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Prediction of oral squamous cell carcinoma based on machine learning of breath samples: a prospective controlled study

Abstract

Background

The aim of this study was to evaluate the possibility of breath testing as a method of cancer detection in patients with oral squamous cell carcinoma (OSCC).

Methods

Breath analysis was performed in 35 OSCC patients prior to surgery. In 22 patients, a subsequent breath test was carried out after surgery. Fifty healthy subjects were evaluated in the control group. Breath sampling was standardized regarding location and patient preparation. All analyses were performed using gas chromatography coupled with ion mobility spectrometry and machine learning.

Results

Differences in imaging as well as in pre- and postoperative findings of OSCC patients and healthy participants were observed. Specific volatile organic compound signatures were found in OSCC patients. Samples from patients and healthy individuals could be correctly assigned using machine learning with an average accuracy of 86–90%.

Conclusions

Breath analysis to determine OSCC in patients is promising, and the identification of patterns and the implementation of machine learning require further assessment and optimization. Larger prospective studies are required to use the full potential of machine learning to identify disease signatures in breath volatiles.

Peer Review reports

Background

Approximately 354,864 new cases of oral cancer are diagnosed annually, and the number, which was associated with 177,384 deaths in 2018, is steadily increasing [1]. About 90% of oral cancers diagnosed are oral squamous cell carcinomas (OSCCs), which result in malignancies in men at least twice as often as women [2]. In Germany, the 5-year survival rate of patients diagnosed with OSCC varies between 63% (female) and 47% (male) [3]. Mortality is associated with the high recurrence rate and metastases of OSCC, and the delayed diagnosis of the disease [4, 5]. Only one-third of OSCC are discovered at an early stage (0–I) [6, 7]. Therefore, the development of tests that enhance our capacity to screen high-risk (e.g. heavy tobacco and alcohol abuse) [8] and post-therapy patients is of great interest.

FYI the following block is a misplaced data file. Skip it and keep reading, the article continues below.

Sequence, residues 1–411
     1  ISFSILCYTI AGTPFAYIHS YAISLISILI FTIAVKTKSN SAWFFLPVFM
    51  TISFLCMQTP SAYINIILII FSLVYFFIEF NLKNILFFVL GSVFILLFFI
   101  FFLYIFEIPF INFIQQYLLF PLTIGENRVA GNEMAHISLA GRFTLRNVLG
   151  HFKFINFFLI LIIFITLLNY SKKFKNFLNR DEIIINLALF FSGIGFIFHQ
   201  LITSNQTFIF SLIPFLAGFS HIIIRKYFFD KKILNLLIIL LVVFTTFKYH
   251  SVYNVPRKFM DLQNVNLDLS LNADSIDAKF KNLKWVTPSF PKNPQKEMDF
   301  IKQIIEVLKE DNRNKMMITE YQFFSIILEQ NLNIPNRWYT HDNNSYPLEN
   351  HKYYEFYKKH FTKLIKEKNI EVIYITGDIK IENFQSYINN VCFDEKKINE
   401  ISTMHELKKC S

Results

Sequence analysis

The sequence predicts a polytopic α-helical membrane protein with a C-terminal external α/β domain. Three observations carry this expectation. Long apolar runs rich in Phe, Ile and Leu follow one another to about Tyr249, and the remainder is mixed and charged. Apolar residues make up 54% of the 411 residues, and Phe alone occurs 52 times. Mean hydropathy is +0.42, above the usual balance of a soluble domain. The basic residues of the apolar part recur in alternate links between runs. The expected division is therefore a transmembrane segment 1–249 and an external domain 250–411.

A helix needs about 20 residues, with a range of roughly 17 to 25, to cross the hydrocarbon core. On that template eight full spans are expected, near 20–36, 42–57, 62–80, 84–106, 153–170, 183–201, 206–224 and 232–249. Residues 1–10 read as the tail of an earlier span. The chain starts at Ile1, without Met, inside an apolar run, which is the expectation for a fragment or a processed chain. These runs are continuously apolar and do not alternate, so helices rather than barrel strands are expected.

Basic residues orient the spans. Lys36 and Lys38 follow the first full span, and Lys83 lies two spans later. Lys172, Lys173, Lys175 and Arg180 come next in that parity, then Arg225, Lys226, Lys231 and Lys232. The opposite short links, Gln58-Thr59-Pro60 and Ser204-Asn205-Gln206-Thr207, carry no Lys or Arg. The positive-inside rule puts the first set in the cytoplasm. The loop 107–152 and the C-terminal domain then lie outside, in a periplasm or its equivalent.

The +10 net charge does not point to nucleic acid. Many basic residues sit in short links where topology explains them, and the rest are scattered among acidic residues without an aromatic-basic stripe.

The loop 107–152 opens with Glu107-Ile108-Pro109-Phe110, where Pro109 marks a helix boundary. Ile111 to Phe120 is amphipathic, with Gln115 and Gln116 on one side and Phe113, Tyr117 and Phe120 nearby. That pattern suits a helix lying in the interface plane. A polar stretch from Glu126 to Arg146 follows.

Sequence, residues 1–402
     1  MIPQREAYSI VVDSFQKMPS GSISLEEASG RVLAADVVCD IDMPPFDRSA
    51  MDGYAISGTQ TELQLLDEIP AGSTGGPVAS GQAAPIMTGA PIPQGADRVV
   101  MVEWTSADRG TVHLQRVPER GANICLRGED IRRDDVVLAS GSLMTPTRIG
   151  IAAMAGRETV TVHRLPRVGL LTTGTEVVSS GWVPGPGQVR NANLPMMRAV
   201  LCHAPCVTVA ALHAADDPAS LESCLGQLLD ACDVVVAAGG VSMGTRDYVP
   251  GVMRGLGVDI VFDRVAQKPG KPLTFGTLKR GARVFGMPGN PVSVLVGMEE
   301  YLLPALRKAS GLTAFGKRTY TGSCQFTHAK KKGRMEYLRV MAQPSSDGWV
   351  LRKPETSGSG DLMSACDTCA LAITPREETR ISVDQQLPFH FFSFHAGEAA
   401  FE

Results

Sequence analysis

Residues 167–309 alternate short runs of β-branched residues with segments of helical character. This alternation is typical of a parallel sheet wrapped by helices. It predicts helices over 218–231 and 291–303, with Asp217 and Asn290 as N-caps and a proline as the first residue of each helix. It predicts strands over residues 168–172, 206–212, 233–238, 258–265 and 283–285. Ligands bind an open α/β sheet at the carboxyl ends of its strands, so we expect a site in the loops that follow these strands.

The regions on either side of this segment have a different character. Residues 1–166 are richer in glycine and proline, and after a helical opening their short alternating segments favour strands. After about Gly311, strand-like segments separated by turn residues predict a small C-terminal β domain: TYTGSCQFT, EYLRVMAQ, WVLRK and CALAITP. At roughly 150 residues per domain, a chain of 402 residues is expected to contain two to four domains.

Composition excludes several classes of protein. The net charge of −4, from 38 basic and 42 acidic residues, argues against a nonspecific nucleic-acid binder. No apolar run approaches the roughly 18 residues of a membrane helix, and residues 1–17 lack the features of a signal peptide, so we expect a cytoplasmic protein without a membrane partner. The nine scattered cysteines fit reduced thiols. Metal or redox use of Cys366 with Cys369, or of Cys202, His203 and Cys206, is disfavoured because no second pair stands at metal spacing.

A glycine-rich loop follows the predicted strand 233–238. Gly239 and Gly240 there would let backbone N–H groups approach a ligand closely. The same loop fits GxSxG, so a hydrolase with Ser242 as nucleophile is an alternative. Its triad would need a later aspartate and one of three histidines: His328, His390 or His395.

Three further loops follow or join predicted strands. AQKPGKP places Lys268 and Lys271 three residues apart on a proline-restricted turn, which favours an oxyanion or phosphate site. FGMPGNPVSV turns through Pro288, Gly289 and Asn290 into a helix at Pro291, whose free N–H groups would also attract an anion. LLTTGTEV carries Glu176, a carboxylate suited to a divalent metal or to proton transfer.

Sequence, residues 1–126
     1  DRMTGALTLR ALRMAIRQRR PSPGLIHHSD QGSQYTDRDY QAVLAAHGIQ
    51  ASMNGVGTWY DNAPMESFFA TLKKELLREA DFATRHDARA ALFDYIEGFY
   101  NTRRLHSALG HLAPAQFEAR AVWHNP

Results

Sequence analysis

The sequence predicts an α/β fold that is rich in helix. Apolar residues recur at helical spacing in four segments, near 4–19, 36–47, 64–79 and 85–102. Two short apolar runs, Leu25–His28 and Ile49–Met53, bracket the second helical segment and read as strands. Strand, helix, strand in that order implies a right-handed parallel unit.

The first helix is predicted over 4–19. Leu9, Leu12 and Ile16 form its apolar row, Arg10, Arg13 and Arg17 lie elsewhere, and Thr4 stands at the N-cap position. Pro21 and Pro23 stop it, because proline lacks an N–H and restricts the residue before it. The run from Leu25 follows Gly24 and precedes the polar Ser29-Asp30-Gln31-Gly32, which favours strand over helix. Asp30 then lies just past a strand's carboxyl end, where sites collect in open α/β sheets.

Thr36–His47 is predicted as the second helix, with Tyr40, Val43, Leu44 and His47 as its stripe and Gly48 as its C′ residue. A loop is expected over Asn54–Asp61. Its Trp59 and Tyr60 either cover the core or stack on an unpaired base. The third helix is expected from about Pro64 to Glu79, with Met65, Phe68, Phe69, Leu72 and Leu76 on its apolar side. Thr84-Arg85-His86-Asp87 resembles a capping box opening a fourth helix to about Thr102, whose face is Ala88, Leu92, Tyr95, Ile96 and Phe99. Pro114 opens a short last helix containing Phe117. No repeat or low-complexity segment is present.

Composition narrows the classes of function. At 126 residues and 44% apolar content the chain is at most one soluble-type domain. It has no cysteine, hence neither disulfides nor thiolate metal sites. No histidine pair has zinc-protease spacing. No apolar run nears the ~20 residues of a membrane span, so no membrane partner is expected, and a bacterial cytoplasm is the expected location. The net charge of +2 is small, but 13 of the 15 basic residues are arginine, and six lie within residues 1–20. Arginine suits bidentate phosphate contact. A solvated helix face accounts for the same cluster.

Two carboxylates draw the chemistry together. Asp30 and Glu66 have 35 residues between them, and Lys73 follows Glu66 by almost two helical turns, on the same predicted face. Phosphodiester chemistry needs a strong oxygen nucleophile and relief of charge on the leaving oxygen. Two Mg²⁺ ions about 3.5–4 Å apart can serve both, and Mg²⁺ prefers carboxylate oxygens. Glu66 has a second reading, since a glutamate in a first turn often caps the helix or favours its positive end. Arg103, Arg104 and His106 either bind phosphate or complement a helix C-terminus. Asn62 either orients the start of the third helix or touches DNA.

Breath analysis is not burdensome to patients, and is a rapid, non-invasive and inexpensive cancer screening tool. Its use has already been determined to be a promising approach to detect and differentiate various diseases, gastrointestinal conditions, and cancer types, such as lung, breast, colorectal cancer [9,10,11,12]. In every exhaled human breath, specific volatile organic compounds (VOC) that are byproducts of normal cell metabolism can be identified. These compounds are also present in biofluids such as blood, saliva, urine and feces [13, 14]. The concentrations and types of VOCs present in the exhaled breath of cancer patients compared to healthy individuals may differ based on differences in levels of oxidative stress, which are enhanced in tumor tissues [15, 16]. Gas chromatography coupled with mass spectrometry (GC–MS) is considered the gold standard for VOC screening. However, the E-nose technique, which is based on breath analysis, has produced promising results in OSCC patients as well [17,18,19]. Schmutzhard et al. [20] showed that a significant difference between VOC data from cancer patients relative to the two control groups could be detected using proton transfer-reaction-mass spectrometry (PTR-MS). A study published by Hakim et al. [21] revealed that data produced via GC–MS could be used to detect statistically significant differences between the breath compositions of three evaluated groups (OSCC/lung cancer/control). Further, the authors were able to distinguish groups using a Nanoscale Artificial Nose. Gruber et al. [22] published a feasibility study comparing OSCC patients, benign tumor patients and healthy controls that identified three potential biomarkers of OSCC using GC–MS. Bouza et al. [23] concluded that aldehyde compounds had the capacity to function as OSCC biomarkers when detected using solid-phase micro extraction followed by GC–MS. Further, Hartwig et al. [24] published a pilot study that revealed the absence of three specific VOCs after curative surgery for OSCC when compared to a patient’s initial GC–MS spectrum, which indicated a correlation between OSCC and the specific VOCs identified.